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Girls Basketball: Mattituck, minus Dwyer, holds off Mercy

Mattituck basketball player Corinne Reda 011917

No Liz Dwyer. No problem.

Well, not exactly.

As formidable a high school girls basketball team as Mattituck is, the defending Long Island Class B champions still ran into difficulties Thursday night in the absence of Dwyer, their standout player.

How good are the Tuckers without Dwyer? They found out at Bishop McGann-Mercy Diocesan High School.

Dwyer, a junior forward who is averaging 22.4 points and 8.3 rebounds per game, was excused from the contest so she could attend a Navy Seals graduation ceremony for her brother.

That certainly affected the balance between the Tuckers and the Monarchs when they squared off. In the end the end, though, Mattituck maintained its unbeaten record in Suffolk County League VII and extended its winning streak to 12 games, but not without having to sweat out some anxious moments near the end.

After leading by as many as 18 points in the first half, Mattituck watched uneasily as it got into foul trouble and Mercy methodically cut into its lead before drawing even at 30-30 on Melina Santacroce’s layup with 5 minutes, 59 seconds left to play. But Chelsea Marlborough hit a three-point shot from the wing and Mattituck made 6 of 12 free throws in the final 5:39 to wrap up a 39-32 triumph.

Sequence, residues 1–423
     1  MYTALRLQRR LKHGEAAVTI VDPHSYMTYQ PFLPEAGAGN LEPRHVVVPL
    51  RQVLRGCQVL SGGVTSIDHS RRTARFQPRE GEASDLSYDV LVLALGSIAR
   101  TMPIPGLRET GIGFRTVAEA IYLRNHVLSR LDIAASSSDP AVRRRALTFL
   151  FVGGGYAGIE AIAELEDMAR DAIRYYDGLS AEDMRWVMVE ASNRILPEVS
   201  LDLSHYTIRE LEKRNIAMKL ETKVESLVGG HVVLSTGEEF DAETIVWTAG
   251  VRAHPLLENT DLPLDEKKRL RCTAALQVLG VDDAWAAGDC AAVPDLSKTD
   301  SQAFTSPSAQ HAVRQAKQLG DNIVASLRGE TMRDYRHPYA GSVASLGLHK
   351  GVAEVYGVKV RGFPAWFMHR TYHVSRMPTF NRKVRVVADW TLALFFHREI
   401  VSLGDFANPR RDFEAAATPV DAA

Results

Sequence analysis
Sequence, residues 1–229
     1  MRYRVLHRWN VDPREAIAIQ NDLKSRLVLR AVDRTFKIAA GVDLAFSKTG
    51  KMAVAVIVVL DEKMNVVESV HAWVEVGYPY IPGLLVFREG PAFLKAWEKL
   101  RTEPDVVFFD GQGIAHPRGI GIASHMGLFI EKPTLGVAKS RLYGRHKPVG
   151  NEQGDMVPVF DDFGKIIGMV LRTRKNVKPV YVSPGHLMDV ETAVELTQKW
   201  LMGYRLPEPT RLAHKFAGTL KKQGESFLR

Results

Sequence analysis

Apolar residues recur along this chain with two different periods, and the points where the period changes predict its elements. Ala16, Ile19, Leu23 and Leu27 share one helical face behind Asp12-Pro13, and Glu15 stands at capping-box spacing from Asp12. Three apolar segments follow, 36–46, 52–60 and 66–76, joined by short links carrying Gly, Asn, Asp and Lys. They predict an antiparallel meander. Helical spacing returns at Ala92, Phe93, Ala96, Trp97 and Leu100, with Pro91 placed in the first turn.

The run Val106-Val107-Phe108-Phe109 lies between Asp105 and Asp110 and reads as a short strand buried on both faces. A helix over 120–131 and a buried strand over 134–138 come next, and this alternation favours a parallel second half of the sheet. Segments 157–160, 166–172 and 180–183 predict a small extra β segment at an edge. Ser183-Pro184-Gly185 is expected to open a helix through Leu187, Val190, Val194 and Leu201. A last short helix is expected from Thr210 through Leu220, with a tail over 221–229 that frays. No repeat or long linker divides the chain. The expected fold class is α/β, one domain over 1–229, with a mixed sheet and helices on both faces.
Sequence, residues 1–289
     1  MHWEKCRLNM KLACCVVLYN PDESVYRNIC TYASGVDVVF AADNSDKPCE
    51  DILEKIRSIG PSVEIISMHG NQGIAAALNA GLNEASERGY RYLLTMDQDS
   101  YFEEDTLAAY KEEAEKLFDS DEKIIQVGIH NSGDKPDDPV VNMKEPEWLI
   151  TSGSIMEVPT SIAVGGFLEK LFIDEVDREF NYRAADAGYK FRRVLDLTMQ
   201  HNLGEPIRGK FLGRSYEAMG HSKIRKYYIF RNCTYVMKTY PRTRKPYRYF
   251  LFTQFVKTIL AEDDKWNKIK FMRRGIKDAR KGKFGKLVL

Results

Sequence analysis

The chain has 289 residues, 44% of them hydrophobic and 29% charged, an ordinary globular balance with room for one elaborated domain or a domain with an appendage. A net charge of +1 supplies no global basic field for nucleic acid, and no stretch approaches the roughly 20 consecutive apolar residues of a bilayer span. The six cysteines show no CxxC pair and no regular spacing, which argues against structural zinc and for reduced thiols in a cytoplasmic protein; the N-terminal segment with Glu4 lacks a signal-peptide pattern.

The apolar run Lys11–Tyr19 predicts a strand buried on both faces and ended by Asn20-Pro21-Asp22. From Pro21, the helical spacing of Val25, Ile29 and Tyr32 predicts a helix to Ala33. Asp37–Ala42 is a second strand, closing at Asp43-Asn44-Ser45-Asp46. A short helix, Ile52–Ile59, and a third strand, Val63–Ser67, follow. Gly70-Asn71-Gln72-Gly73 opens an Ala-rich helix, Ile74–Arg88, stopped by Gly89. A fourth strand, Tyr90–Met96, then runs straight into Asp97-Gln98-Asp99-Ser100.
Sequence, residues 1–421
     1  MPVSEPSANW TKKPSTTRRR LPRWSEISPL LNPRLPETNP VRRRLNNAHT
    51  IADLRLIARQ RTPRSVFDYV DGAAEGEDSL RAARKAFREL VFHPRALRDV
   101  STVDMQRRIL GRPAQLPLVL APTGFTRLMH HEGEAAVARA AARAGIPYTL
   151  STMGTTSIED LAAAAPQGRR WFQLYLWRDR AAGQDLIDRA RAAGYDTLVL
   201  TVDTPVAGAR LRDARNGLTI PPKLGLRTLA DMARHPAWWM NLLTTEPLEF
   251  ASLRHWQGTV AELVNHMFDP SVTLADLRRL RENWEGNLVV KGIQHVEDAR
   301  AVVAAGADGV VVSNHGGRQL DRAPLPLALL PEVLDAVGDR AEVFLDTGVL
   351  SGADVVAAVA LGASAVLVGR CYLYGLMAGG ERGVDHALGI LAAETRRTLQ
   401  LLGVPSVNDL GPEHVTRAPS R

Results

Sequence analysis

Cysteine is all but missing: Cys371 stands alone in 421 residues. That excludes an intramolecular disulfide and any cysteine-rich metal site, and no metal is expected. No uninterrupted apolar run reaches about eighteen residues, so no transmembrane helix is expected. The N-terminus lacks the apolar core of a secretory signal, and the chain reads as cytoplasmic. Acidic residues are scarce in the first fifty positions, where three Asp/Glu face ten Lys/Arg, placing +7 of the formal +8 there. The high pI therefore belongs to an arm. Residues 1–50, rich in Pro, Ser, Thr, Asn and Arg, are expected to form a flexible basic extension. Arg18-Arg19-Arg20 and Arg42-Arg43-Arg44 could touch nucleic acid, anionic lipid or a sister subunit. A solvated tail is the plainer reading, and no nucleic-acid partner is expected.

With Dwyer unavailable, junior guard Emily Mowdy made her first start of the season, joining Mackenzie Daly, Jane DiGregorio, Corinne Reda and Marlborough in the starting five.

The big question entering the game was how Mattituck (12-1, 10-0) would make up for the point production Dwyer typically provides. Scoring was an issue, but more for Mercy than Mattituck. The Tuckers opened the game with a 9-1 lead. All Mercy (6-7, 6-5), winner of three of its previous four games, had to show for itself in the first quarter were three points from a Santacroce free throw and a Savannah Hauser layup.

Successive baskets by Daly, Reda, DiGregorio and Alex Beebe stretched the Mattituck lead to 17-3. By halftime the score was 25-9.

But Mercy wasn’t done. Coach Meaghan Macarthur lit a fire under her players at halftime and they responded. Macarthur said Olivia Kneski’s defense was the catalyst to Mercy’s comeback.

Mercy’s momentum may have been slowed when Chastin Giles went down with cramping in her right calf with 4:34 left in the game. Giles eventually returned to the game, but Mattituck was able to stave off defeat despite making only 1 of 12 field-goal attempts in the fourth quarter.

DiGregorio, who was averaging 10.3 points per game, responded to the challenge with a game-high 14 points, shooting 5 for 10 from the field. Reda, who was held scoreless in Mattituck’s previous game, bounced back with 14 rebounds to go with seven points, five steals, an assist and a block.

Like Mattituck’s Dwyer, Mercy has quite an impactful junior forward itself in Santacroce. She finished with nine points, eight rebounds, five steals, four blocks and two assists. Mia Behrens led Mercy with 11 points and Kneski added nine.

Both teams suffered shooting woes. Mattituck shot 25.5 percent from the field and Mercy 27.5 percent. The Monarchs exacerbated their problems by going 8 for 18 from the foul line.

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Photo caption: Mattituck’s Corinne Reda splits Bishop McGann-Mercy’s Mia Behrens (4) and Melina Santacroce while looking for a shot. (Credit: Garret Meade)